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Alginates along the filament of the brown alga Ectocarpus help cells cope with stress

TitleAlginates along the filament of the brown alga Ectocarpus help cells cope with stress
Publication TypeJournal Article
Year of Publication2019
AuthorsRabille H., Torode T.A, Tesson B, Le Bail A., Billoud B., Rolland E., Le Panse S., Jam M., Charrier B.
Date Published2019/09
Type of ArticleArticle
ISBN Number2045-2322
Accession NumberWOS:000484985500004
Keywordsextracellular-matrix; fucales; pectin; phaeophyceae; phenolic substances; physical-properties; polymannuronic acid 5-epimerase; polysaccharides; Science & Technology - Other Topics; siliculosus ectocarpales; wall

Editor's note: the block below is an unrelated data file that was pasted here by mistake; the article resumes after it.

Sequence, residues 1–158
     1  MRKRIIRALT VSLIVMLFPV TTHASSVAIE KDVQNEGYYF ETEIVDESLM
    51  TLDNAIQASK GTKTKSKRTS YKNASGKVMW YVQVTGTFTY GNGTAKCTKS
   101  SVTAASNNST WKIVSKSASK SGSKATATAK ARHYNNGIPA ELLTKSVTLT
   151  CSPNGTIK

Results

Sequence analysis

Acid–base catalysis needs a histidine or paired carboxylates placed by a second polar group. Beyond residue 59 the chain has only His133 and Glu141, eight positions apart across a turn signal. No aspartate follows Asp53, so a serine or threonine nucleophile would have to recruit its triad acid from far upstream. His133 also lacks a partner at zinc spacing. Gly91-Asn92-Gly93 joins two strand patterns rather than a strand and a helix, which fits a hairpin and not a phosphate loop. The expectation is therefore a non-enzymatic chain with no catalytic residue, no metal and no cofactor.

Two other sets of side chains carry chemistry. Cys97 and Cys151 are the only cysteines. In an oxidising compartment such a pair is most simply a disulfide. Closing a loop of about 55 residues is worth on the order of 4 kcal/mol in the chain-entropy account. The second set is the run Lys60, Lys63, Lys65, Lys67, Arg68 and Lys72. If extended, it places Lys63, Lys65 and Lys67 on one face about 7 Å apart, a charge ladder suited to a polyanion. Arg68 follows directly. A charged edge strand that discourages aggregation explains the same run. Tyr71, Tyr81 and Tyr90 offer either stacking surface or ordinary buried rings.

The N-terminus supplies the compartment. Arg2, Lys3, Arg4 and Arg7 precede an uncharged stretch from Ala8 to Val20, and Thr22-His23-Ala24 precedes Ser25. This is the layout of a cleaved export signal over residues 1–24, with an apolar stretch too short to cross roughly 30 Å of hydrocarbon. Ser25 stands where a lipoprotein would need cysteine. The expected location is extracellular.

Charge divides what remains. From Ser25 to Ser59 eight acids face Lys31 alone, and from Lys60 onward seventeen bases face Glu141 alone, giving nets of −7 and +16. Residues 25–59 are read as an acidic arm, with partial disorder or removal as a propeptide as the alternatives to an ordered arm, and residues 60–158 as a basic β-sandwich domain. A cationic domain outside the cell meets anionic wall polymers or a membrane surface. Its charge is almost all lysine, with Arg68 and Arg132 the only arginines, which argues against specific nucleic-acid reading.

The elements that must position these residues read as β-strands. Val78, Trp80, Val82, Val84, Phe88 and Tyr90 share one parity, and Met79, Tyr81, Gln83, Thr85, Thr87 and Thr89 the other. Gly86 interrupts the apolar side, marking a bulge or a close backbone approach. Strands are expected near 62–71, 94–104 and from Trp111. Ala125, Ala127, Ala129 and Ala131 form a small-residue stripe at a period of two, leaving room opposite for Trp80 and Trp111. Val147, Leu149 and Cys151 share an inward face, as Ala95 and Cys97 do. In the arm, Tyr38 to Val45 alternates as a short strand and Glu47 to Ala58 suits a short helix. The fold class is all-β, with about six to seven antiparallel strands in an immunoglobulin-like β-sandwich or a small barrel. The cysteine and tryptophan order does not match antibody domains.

Ectocarpus is a filamentous brown alga, which cell wall is composed mainly of alginates and fucans (80%), two non-crystalline polysaccharide classes. Alginates are linear chains of epimers of 1,4-linked uronic acids, beta-D-mannuronic acid (M) and alpha-L-guluronic acid (G). Previous physico-chemical studies showed that G-rich alginate gels are stiffer than M-rich alginate gels when prepared in vitro with calcium. In order to assess the possible role of alginates in Ectocarpus, we first immunolocalised M-rich or G-rich alginates using specific monoclonal antibodies along the filament. As a second step, we calculated the tensile stress experienced by the cell wall along the filament, and varied it with hypertonic or hypotonic solutions. As a third step, we measured the stiffness of the cell along the filament, using cell deformation measurements and atomic force microscopy. Overlapping of the three sets of data allowed to show that alginates co-localise with the stiffest and most stressed areas of the filament, namely the dome of the apical cell and the shanks of the central round cells. In addition, no major distinction between M-rich and G-rich alginate spatial patterns could be observed. Altogether, these results support that both M-rich and G-rich alginates play similar roles in stiffening the cell wall where the tensile stress is high and exposes cells to bursting, and that these roles are independent from cell growth and differentiation.

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